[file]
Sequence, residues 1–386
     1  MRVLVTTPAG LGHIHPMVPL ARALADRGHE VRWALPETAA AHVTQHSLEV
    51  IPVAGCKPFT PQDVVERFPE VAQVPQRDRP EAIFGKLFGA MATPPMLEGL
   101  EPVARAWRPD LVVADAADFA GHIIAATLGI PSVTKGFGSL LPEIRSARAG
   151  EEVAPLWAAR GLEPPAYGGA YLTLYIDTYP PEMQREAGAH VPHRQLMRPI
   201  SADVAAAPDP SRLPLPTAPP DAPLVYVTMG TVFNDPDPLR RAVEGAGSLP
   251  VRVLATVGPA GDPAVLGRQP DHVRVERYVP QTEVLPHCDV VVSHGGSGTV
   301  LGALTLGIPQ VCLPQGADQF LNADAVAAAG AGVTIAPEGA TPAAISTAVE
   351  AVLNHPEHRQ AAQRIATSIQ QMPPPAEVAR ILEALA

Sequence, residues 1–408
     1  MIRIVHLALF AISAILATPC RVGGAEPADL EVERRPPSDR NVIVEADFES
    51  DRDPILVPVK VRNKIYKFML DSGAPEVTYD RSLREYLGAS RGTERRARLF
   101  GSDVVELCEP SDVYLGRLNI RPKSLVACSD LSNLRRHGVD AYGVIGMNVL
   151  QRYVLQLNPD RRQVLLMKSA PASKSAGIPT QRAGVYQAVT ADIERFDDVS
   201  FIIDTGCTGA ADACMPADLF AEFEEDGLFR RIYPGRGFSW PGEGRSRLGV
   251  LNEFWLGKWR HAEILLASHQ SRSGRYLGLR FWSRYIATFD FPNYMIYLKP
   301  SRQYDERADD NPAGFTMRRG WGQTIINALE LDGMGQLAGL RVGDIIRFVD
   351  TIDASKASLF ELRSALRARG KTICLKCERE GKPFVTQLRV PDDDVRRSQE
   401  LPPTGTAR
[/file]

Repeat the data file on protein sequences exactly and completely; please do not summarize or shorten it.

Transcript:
Sequence, residues 1–386
     1  MRVLVTTPAG LGHIHPMVPL ARALADRGHE VRWALPETAA AHVTQHSLEV
    51  IPVAGCKPFT PQDVVERFPE VAQVPQRDRP EAIFGKLFGA MATPPMLEGL
   101  EPVARAWRPD LVVADAADFA GHIIAATLGI PSVTKGFGSL LPEIRSARAG
   151  EEVAPLWAAR GLEPPAYGGA YLTLYIDTYP PEMQREAGAH VPHRQLMRPI
   201  SADVAAAPDP SRLPLPTAPP DAPLVYVTMG TVFNDPDPLR RAVEGAGSLP
   251  VRVLATVGPA GDPAVLGRQP DHVRVERYVP QTEVLPHCDV VVSHGGSGTV
   301  LGALTLGIPQ VCLPQGADQF LNADAVAAAG AGVTIAPEGA TPAAISTAVE
   351  AVLNHPEHRQ AAQRIATSIQ QMPPPAEVAR ILEALA

Sequence, residues 1–408
     1  MIRIVHLALF AISAILATPC RVGGAEPADL EVERRPPSDR NVIVEADFES
    51  DRDPILVPVK VRNKIYKFML DSGAPEVTYD RSLREYLGAS RGTERRARLF
   101  GSDVVELCEP SDVYLGRLNI RPKSLVACSD LSNLRRHGVD AYGVIGMNVL
   151  QRYVLQLNPD RRQVLLMKSA PASKSAGIPT QRAGVYQAVT ADIERFDDVS
   201  FIIDTGCTGA ADACMPADLF AEFEEDGLFR RIYPGRGFSW PGEGRSRLGV
   251  LNEFWLGKWR HAEILLASHQ SRSGRYLGLR FWSRYIATFD FPNYMIYLKP
   301  SRQYDERADD NPAGFTMRRG WGQTIINALE LDGMGQLAGL RVGDIIRFVD
   351  TIDASKASLF ELRSALRARG KTICLKCERE GKPFVTQLRV PDDDVRRSQE
   401  LPPTGTAR